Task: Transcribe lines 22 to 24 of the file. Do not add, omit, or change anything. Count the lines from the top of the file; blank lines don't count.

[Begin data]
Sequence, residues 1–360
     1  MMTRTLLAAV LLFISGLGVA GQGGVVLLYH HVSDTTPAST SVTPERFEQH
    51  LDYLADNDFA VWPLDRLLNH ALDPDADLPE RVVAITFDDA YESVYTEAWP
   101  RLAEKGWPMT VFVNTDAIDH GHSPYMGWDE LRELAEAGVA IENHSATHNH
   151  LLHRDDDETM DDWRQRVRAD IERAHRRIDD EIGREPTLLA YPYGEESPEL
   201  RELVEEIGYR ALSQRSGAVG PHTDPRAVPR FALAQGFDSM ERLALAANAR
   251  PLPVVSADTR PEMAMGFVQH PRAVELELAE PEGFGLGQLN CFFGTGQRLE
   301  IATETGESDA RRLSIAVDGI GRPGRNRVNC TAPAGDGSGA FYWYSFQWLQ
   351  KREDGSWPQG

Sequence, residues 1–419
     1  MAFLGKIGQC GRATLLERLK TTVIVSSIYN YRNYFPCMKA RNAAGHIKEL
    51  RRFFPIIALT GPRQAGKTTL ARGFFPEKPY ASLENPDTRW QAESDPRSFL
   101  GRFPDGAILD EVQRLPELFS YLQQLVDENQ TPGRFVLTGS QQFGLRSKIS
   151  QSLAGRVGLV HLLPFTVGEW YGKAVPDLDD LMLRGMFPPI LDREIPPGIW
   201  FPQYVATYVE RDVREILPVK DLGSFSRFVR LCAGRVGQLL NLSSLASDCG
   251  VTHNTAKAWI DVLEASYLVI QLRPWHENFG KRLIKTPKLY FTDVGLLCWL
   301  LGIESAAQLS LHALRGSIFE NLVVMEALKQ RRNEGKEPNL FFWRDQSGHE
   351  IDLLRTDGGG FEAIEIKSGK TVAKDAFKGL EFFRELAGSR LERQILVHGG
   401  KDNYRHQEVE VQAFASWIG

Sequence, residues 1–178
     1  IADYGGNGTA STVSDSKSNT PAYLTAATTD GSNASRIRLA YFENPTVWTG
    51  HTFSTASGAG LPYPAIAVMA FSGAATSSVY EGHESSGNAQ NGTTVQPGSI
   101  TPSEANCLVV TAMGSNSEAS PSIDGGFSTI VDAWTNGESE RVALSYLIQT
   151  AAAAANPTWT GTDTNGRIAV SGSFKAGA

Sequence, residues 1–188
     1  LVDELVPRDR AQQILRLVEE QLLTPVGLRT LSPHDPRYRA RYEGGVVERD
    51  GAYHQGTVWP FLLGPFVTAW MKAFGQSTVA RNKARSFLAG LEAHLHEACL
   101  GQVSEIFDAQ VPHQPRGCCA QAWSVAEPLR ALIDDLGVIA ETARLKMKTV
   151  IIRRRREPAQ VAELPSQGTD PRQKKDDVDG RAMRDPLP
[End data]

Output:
    51  HTFSTASGAG LPYPAIAVMA FSGAATSSVY EGHESSGNAQ NGTTVQPGSI
   101  TPSEANCLVV TAMGSNSEAS PSIDGGFSTI VDAWTNGESE RVALSYLIQT
   151  AAAAANPTWT GTDTNGRIAV SGSFKAGA